The current market in the wider Mediterranean is influenced by two main global political actors: the US and China. Generally, the US works to create the best conditions around the world for American companies to operate in the sector. The Chinese government actively engages with its companies to advance its interests; individuals linked with the Chinese government are often on the boards of these firms. Meanwhile, some regional players – telecommunications companies based in the Gulf, above all – also have a significant interest in the wider Mediterranean region. And European companies are also active in the region; these firms often have a global reach but their activities are also strongly shaped the decisions of EU member states.
Broadly speaking, three main types of company are active in the internet infrastructure sector.
- Telecommunications companies provide voice- or data-transmission services. Some of these firms also participate in the construction and operationalisation of undersea cables via subsidiaries such as Orange Marine, Telecom Italia Sparkle, and Huawei Marine.
- Big tech companies provide internet-based services. They include Amazon, Apple, Google, Facebook, and Microsoft. All these firms, aside from Apple, have recently invested in the construction of undersea cables.
- Companies that specialise in the installation and repair of undersea cables work in the internet infrastructure sector on behalf of telecommunications firms and other operators. One such company is Alcatel Submarine Networks.
The EU, internet infrastructure, and digital sovereignty
Since 2019, the European Commission has explicitly stated its aim to be a “geopolitical Commission”. In line with this, the concept of ‘digital sovereignty’ has become increasingly important as the Commission deals with the new challenges facing Europe. The EU is currently devising a broad European digital agenda whose external aspects include the idea that the EU should become a unified actor in the realm of technology, particularly as concerns computing power, data control, and securing connectivity. Achieving this will involve creating legal, regulatory, and financial instruments that can help the EU actively promote European values and principles in this domain. Without its own digital capacities and autonomy, Europe will not be able to fully contend with other actors in the tech space, and will find itself caught up in rising US-China competition for technological supremacy.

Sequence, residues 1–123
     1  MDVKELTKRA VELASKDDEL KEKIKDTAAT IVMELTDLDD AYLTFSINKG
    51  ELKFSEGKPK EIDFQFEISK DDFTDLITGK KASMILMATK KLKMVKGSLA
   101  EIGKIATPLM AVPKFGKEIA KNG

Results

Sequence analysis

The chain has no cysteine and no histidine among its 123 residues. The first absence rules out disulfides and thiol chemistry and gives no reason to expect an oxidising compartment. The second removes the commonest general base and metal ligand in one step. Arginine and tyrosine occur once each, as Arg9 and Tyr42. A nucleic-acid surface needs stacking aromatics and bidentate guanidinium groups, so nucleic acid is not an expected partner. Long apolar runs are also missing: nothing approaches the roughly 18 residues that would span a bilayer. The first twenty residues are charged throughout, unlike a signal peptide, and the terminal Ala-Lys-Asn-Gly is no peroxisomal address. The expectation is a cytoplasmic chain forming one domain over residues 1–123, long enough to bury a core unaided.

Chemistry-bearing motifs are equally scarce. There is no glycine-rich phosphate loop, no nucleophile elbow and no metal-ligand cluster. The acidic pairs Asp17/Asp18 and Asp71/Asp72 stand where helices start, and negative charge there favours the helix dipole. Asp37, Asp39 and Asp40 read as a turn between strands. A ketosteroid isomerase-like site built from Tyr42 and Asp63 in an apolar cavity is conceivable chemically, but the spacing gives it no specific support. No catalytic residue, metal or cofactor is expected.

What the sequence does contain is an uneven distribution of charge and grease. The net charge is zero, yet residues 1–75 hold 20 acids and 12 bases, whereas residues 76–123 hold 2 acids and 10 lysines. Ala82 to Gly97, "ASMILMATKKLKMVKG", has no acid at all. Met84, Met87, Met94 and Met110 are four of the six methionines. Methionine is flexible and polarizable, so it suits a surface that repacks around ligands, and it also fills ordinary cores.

Undersea cables are critical infrastructure because they are essential for other parts of the economy. Broadly speaking, the greater the number of undersea cables and routes available, the better the lines of communication in the countries they connect – and the better the protection against interruptions that could lead to a digital network collapse.
However, the power to grant licences to build digital infrastructure lies solely with member states. The EU is not able to grant licences or agree on a common policy for the sector, despite the potential benefits to EU member states of developing a harmonised strategy. Italy, France, and Spain share a strong interest in the wider Mediterranean area for geographical and political reasons, but their domestic companies are each pursuing their own initiatives to connect Europe to Africa and the Middle East. These initiatives currently lack coordination, and often involve direct cooperation with companies from competitor powers such as China, including in consortia. It is not unusual for companies from different countries to form consortia to build and manage undersea cables; this is equally true of EU and non-EU countries in the wider Mediterranean neighbourhood, and of China and the US. But the overall lack of coordination hinders the EU’s pursuit of digital ‘strategic sovereignty’.
All states in the region have at least some nominal authority to grant and manage licences to companies operating in the digital sector in general, and the undersea cables sector in particular. Some governments decide to grant licences only to a state-owned company (monopoly). Other governments grant licences to both private and state-owned companies (partial liberalisation). There are also governments that grant licences only to private companies (full liberalisation). That said, all states (regardless of whether they are in the EU) have the power to prevent potentially hostile companies from entering the market or acquiring stakes in domestic companies. And tech companies that are active in the region – especially Chinese firms, but also numerous European ones – are often under state control or are at least partially owned by the state. States frequently grant licences on the condition that they, or companies from their country, participate in the consortium building the infrastructure.